However, we also firmly believe that sin in the life of a believer is destructive and that it grieves the heart of the Father. Though incidental sin or sin habits do not affect our legal standing (justification) before God, it does hinder our ability to grow in intimacy with God and will negatively affect our relationship with him and others. We believe that it is necessary to confess (homologeo: acknowledge or agree with Godʼs view of) your sins (or sin habits) (1 John 1:9). This confession is not for means of eternal salvation, but to maintain a healthy relationship with God as a Father who is emotionally and relationally invested in the life of His children. This confession (agreement) positions us to receive forgiveness, love, and life from God. Upon agreeing with His view of our sin (confession), the believer also repents (metanoia: change/alter mind) of the sin (or sin habits) (Romans 2:4, 2 Cor. 7:9-10) resulting in a changed mind, ultimately altering the believerʼs behavior. Biblical confession of sin and biblical repentance of sin will result in a sanctified (changed) person.
Sinful behavior that perpetuates for a believer is deceitful above all else. It not only grieves the heart of God, but it causes the believer to doubt or question their position before God as a son or daughter. Shame, condemnation and guilt are tools in the hand of the enemy to enslave the believer in a behavior that is contrary to their identity in Christ.
“But exhort one another every day, as long as it is called “today,” that none of you may be hardened by the deceitfulness of sin.” (Hebrews 3:13)
In order to combat the deceitfulness of sin we believe that in addition to confessing your sins to the Father (and to one another 1 John 5:3) it is important to confess the truth about your legal standing before God as a righteous son or daughter, washed in the blood of Jesus and forgiven for eternity. This takes a tremendous amount of humility but will result in the grace of God being poured out in such a way that actually empowers the believer to live completely free from the dominion of sin (Romans 6:14). There is a death to our flesh that takes place when we choose to confess the truth about our right standing before God in the face of sin struggles.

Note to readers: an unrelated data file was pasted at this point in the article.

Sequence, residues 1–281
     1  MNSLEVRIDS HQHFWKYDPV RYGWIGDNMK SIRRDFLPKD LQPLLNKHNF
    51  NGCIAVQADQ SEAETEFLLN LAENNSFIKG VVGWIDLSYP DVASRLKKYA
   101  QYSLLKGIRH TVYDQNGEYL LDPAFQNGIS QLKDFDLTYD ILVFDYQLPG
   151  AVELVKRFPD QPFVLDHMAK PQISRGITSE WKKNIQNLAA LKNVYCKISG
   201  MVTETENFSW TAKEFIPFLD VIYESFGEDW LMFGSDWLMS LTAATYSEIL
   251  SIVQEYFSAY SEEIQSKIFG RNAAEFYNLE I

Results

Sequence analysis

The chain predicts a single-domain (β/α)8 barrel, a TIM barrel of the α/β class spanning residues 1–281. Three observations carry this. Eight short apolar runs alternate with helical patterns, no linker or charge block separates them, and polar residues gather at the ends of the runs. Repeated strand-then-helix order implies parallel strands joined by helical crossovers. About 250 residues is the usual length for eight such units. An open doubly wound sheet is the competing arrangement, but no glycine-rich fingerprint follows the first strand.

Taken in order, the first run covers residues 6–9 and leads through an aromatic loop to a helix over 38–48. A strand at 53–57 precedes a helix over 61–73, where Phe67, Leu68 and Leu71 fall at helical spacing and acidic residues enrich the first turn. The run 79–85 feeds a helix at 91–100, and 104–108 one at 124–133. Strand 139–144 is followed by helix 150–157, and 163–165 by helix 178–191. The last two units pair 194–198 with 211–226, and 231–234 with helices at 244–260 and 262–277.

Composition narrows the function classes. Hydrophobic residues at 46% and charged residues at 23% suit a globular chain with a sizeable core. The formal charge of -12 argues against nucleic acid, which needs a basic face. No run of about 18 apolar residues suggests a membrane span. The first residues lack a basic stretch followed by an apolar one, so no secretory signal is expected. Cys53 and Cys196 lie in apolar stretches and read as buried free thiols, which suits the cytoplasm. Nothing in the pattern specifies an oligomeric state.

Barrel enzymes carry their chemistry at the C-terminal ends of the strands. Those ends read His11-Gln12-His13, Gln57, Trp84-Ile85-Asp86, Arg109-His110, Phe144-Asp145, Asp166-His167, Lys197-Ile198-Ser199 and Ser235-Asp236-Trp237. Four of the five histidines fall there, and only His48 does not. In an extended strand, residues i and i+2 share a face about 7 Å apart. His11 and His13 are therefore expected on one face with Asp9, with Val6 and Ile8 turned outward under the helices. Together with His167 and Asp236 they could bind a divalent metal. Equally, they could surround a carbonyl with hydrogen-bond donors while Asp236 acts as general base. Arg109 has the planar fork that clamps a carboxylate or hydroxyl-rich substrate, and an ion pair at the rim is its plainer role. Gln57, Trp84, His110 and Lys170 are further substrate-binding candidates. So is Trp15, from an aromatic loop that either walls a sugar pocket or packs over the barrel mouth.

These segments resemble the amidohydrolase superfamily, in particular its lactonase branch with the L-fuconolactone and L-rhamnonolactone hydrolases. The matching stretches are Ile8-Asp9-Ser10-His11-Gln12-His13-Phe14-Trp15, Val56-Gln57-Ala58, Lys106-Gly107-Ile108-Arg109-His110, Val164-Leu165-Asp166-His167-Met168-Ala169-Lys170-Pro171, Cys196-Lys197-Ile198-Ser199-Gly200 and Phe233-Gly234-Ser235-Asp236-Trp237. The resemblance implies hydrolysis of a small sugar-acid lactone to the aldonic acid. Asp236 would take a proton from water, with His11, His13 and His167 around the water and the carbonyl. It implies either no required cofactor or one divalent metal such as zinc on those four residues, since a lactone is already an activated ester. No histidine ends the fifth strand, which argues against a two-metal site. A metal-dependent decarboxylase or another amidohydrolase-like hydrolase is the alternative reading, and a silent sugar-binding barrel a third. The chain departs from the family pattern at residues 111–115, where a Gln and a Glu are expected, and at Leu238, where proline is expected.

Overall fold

“We know that our old self was crucified with him in order that the body of sin might be brought to nothing, so that we would no longer be enslaved to sin. For one who has died has been set free from sin.” (Romans 6:6-7)
Sanctification & Community
Sanctification is also evident and at work in our relationship with one another at Upper Room. We believe that biblical accountability is honoring Godʼs view of those that He bought with His Sonʼs blood. We believe the power of sin is removed through biblical repentance (change of mind) and seeing ourselves and each other as God sees us. The aim of our community is to establish heavenʼs view of people (2 Corinthians 5:16) knowing that God is not dealing with us according to our sin (Psalm 103:10, John 3:17, 1 John 1:9, 2:1). Therefore, sin is not agreeing with or submitting to what grace has provided for us through the cross.
In that, our community does not take sin lightly in the life of a believer; yet we see the power of grace (through faith) as the prescribed solution to sinʼs power (resulting in sanctification). We hold the highest view of holiness in which the finished works of Jesus provided to us by faith. We expect all to see fellowship and intimacy with each other through this lens.
As we have contended, justification deals with the penalty of sin, which redeems manʼs spirit back into right standing with God. Sanctification deals with the power of sin which renews a manʼs soul into experiencing the joy and freedom of being in right standing with God. Many believers do not know how to respond to the power of sin over their soul and thus end up enslaved in a behavior or lifestyle that is incongruent with their position as sons and daughters of God. However, it is emphatically the stance of the Upper Room that by grace, through faith in the finished work of Jesus Christ that Christians can live, in this life, free from the power of sin.
The Scriptures speak a lot to this issue and our faith rests squarely on His word to us:
“For one who has died has been set free from sin.” (Romans 6:7)
“Let not sin therefore reign in your mortal body, to make you obey its passions.” (Romans 6:12)